We were much gratified by observing that the intelligent magistrates of Doncaster are anxious to correct these lamentable abuses. We were informed of their intention to erect a new prison. May they be encouraged to do this justice to themselves and to the public!.

By 17 Geo. II. cap. 5, it is enacted, that rugues, vagabonds, and beggars, who are found in any parish to which they do not legally belong, should be apprehended, and committed to the house of correction, for any term not exceeding a month, and should afterwards receive a pass from a magistrate. This pass obliges the constable to convey them to the next parish, and entitles the travellers to support from the officers of the parishes, which lie on the direct way in succession, until they arrive at their homes. By 32 Geo. III. ch. 45, it is further enacted, that such passes shall not be given, until the parties for whom they are required have been either privately whipped, or imprisoned in the house of correction for not less than seven days.

It often happens that innocent but distressed persons, journeying homeward, are under the necessity of applying for passes. These they cannot receive, except on the ground of being considered rogues and vagabonds, nor until they have suffered a punishment always disgraceful, and sometimes, in consequence of the bad state of our prisons, not a little terrible. This is a manifest injustice, and ought to be remedied. There is, however, a still greater abuse, which prevails in connection with these Acts of Parliament. When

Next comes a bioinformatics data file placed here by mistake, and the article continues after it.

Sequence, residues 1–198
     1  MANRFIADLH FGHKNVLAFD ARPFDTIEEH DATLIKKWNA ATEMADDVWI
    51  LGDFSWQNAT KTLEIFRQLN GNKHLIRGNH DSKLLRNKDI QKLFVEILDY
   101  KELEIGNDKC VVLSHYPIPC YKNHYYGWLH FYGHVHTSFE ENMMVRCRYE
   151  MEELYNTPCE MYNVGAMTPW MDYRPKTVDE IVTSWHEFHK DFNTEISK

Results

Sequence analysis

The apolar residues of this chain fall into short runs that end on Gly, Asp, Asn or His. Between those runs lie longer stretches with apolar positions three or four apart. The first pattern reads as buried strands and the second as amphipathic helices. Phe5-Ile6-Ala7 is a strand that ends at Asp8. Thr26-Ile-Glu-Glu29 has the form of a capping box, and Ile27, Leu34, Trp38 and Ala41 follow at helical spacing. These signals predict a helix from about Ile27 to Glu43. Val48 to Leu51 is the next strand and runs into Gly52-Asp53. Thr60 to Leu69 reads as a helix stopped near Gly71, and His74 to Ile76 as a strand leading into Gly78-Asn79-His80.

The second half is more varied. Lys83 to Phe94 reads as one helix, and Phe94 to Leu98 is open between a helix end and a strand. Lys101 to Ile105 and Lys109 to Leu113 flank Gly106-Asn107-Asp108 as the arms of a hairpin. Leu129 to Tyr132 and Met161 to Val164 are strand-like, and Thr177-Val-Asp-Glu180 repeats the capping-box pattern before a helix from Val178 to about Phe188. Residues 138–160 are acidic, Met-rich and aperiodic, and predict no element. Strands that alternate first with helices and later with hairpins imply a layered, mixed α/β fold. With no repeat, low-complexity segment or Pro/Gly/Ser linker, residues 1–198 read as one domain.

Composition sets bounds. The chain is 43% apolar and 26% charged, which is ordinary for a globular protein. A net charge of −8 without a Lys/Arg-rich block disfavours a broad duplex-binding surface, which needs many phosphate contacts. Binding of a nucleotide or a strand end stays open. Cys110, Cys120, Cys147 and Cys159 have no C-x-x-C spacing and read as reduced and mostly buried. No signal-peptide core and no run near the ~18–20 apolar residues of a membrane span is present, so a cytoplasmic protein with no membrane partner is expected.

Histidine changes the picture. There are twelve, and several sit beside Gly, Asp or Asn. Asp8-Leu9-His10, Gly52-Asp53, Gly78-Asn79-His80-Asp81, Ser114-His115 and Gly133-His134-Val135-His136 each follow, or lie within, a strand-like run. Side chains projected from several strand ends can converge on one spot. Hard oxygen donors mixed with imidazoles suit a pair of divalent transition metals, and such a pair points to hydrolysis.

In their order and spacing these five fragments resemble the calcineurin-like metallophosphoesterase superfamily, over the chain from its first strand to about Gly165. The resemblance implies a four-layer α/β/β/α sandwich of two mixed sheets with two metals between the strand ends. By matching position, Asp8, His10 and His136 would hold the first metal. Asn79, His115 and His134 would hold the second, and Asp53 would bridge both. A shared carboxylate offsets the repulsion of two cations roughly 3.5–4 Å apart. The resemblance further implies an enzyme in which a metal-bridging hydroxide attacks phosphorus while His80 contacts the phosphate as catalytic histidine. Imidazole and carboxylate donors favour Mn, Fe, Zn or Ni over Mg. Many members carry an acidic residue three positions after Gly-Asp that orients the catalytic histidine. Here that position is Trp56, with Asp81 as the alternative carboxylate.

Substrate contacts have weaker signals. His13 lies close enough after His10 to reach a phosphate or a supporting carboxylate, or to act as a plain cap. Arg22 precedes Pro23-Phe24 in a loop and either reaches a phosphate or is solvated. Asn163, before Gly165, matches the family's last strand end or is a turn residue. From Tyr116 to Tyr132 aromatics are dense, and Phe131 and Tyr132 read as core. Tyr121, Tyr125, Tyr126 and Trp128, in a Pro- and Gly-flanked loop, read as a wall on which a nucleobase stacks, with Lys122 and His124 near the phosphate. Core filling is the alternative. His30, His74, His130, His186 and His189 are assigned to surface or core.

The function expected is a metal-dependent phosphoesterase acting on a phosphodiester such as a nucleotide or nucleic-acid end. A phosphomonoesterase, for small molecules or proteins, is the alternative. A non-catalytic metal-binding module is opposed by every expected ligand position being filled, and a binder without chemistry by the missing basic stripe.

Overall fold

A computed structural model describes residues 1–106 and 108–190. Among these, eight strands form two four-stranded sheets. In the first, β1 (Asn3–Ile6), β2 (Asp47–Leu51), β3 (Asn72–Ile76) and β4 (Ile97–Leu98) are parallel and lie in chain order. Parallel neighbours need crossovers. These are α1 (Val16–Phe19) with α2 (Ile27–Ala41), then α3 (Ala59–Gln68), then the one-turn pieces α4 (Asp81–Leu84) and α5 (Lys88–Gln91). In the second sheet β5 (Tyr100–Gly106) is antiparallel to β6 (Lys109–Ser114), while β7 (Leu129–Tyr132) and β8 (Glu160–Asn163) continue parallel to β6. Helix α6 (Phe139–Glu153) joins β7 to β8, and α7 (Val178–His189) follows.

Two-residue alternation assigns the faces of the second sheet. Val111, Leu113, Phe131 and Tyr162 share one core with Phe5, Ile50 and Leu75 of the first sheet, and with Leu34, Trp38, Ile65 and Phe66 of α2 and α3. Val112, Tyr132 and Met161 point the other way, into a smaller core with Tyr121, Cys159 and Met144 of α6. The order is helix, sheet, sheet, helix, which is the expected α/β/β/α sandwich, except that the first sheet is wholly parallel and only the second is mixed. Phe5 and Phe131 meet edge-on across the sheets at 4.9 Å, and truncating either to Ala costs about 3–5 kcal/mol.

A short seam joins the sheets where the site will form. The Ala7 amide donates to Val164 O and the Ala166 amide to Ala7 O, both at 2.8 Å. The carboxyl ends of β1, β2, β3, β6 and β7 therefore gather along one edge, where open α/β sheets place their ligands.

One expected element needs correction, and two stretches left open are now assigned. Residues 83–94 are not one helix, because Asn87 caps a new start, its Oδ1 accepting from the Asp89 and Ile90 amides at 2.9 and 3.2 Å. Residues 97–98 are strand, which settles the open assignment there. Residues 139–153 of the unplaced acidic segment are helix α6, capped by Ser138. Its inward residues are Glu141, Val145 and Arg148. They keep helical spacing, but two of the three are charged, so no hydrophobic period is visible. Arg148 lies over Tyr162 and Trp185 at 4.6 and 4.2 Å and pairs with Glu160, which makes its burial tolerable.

poor persons, residing in a parish to which they do not belong, become chargeable to that parish, they are to be conveyed by the officers of the parish, under 13 and 14 Car. II. ch. 12, or an order signed by two justices of the peace, to the place of their legal settlement. In order to avoid the expense of this removal-an expense which in most cases devolves on the removing parişh-it is a very common practice to entice such distressed persons into an act of public begging; and after punishing them as rogues and vagabonds, to send them home to their parishes on a common vagrant's pass.

This flagrant but prevalent abuse demands the early attention of the British legislature; for it is not only totally at variance from the principles of common justice, but it strikes at the root of those moral and independent feelings in the minds of the lower orders of the people, which are the best security to society at large. Vid. Nolan on the Poor Laws.